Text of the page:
The Trump administration is to plough $1 billion into artificial intelligence (AI), 5G and quantum computing research.
The move comes amid concern among some American observers that the United States is falling behind in key emerging technologies of the future.
The $1 billion in funding comes in the form of awards from the White House, National Science Foundation (NSF), and the Department of Energy (DOE), and sees the establishment of 12 new AI and QIS research and development (R&D) institutes nationwide.
“The Trump Administration is taking strong action to ensure American leadership in the industries of the future – artificial intelligence (AI), quantum information science (QIS), 5G communications, and other key emerging technologies that will shape our economy and security for years to come,” announced the White House on Wednesday.
“Together, NSF’s AI Research Institutes and DoE’s QIS Research Centers will serve as national R&D hubs for these critical industries of the future, spurring innovation, supporting regional economic growth, and training our next generation workforce,” it added.
NSF and its other federal partners are awarding $140 million over five years to a total of seven NSF-led AI Research Institutes.
According to the White House, these research and education institutes will focus on a range of AI R&D areas, such as machine-learning, synthetic manufacturing, precision agriculture, and forecasting prediction.
In addition, research will take place at universities around the US, including the University of Oklahoma at Norman, the University of Texas at Austin, the University of Colorado at Boulder, the University of Illinois at Urbana-Champaign, the University of California at Davis, and the Massachusetts Institute of Technology.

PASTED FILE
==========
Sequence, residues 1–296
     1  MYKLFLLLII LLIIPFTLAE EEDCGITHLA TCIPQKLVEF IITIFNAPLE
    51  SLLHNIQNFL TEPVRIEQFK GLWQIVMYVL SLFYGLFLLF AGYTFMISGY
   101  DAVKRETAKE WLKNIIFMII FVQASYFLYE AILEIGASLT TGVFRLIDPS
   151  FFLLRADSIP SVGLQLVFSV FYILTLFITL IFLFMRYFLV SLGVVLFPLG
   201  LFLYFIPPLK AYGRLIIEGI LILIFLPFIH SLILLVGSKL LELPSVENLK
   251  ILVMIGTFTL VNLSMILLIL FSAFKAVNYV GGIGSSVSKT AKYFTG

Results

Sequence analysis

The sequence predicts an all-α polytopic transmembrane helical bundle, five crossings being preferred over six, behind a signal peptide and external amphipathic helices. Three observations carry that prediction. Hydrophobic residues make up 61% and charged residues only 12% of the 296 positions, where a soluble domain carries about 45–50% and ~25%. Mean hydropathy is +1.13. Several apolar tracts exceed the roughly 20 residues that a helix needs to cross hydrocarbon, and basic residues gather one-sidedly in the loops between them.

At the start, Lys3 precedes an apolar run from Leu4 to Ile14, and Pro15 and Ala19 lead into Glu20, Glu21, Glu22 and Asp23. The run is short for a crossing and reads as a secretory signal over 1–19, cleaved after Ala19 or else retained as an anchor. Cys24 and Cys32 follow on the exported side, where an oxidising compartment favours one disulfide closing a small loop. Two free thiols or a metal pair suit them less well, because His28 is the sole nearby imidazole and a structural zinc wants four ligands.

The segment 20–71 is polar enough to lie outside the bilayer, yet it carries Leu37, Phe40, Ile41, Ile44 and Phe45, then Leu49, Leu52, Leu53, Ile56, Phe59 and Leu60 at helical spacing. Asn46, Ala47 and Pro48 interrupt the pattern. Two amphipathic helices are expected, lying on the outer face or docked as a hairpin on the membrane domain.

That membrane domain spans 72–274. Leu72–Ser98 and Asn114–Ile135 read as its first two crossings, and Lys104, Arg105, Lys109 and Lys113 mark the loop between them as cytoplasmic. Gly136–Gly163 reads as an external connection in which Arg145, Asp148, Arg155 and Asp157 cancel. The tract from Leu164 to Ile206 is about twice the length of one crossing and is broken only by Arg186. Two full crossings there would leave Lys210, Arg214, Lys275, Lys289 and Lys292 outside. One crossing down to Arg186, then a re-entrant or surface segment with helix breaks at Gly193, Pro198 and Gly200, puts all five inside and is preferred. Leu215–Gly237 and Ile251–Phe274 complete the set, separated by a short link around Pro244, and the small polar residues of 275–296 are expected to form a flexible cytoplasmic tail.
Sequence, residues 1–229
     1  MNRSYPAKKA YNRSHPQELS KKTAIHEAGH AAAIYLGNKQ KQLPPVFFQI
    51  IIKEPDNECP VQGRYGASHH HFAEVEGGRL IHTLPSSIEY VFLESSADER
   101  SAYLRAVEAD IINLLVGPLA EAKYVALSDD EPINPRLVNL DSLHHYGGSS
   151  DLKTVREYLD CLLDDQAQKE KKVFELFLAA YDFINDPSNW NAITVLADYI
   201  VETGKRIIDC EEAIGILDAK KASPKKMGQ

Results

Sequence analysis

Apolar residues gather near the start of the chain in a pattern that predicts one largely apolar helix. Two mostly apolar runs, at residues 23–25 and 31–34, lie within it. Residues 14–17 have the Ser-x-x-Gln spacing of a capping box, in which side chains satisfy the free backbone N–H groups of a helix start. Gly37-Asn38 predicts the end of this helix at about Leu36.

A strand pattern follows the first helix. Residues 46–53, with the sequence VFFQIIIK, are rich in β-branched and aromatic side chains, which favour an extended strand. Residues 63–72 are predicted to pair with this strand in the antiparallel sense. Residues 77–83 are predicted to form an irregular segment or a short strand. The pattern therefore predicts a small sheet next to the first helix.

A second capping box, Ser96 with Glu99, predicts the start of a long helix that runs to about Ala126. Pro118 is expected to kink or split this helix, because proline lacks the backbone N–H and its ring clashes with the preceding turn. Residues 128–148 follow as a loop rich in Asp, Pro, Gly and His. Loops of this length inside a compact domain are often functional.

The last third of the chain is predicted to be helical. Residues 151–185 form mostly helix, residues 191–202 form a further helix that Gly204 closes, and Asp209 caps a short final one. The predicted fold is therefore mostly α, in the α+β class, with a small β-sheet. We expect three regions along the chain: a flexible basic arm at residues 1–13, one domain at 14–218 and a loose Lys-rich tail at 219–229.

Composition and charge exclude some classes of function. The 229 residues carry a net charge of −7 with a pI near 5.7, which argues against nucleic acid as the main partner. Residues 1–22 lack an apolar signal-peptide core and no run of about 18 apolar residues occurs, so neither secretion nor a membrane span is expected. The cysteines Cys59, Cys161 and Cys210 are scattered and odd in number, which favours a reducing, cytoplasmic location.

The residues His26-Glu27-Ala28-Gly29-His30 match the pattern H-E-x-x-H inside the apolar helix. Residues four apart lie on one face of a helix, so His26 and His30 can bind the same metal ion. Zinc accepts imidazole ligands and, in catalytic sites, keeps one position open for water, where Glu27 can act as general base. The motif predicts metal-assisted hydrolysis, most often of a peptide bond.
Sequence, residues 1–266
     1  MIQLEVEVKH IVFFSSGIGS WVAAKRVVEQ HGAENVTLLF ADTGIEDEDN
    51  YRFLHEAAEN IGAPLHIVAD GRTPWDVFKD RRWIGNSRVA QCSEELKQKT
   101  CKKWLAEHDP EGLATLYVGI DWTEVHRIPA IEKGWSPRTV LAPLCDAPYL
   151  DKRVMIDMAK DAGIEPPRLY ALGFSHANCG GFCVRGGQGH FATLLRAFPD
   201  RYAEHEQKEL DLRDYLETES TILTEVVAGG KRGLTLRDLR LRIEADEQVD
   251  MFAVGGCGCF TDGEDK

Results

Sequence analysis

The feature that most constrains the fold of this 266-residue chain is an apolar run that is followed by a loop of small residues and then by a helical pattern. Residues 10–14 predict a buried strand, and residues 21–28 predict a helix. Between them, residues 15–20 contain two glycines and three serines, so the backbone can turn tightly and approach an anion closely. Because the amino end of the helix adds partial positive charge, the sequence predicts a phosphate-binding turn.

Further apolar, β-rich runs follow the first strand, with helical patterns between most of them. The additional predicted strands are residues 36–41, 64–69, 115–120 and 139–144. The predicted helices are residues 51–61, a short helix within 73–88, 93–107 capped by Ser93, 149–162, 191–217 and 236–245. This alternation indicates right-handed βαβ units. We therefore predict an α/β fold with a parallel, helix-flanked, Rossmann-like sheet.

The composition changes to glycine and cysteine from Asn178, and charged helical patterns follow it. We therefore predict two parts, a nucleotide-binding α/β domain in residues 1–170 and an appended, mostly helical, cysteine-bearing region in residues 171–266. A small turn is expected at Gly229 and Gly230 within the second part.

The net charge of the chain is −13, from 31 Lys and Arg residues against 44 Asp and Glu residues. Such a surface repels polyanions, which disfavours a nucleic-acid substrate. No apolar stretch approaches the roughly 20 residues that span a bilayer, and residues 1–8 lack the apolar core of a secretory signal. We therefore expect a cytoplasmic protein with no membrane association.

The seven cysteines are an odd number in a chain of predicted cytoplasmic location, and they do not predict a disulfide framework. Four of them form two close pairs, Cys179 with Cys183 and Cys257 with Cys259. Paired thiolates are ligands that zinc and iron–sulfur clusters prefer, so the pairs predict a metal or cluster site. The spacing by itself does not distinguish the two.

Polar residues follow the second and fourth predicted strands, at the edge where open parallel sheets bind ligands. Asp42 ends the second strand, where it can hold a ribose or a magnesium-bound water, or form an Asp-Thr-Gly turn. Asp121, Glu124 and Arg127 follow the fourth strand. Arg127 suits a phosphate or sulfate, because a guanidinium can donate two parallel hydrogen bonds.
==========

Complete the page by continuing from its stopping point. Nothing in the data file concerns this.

Apparently the NSF anticipates making additional AI Research Institute awards in the coming years, with more than $300 million in total awards, including contributions from partner agencies, expected by next summer.
The NSF currently invests more than $500 million in artificial intelligence activities annually and is the largest Federal driver of non-defense AI R&D.
Meanwhile the DoE is announcing up to $625 million over five years to five centres that will be led by DoE National Laboratory teams at Argonne, Brookhaven, Fermi, Oak Ridge, and Lawrence Berkeley National Laboratories.
The private sector and academia will be providing another $300 million in contributions for the centres.
The funding comes amid something of a technology arms race between many countries.
In 2018 for example, Tianjin (a northern Chinese port near Beijing), said it plans to set up a fund worth 100 billion yuan (£11.6bn) to boost the artificial intelligence (AI) industry.
The European Commission has previously called for a 20 billion euro (£17bn) investment into AI across the EU, saying it would increase its investment by about 70 percent to 1.5bn euros by 2020, and wants total public and private investment to reach 20bn euros by the end of that year.
French president Emmanuel Macron announced a major public investment in the area, with a presidential adviser saying AI was in an “arms race”.
The UK government identified AI as a key part of its Industrial Strategy in 2017, and in January 2018 said it would strengthen links with France in the AI sector.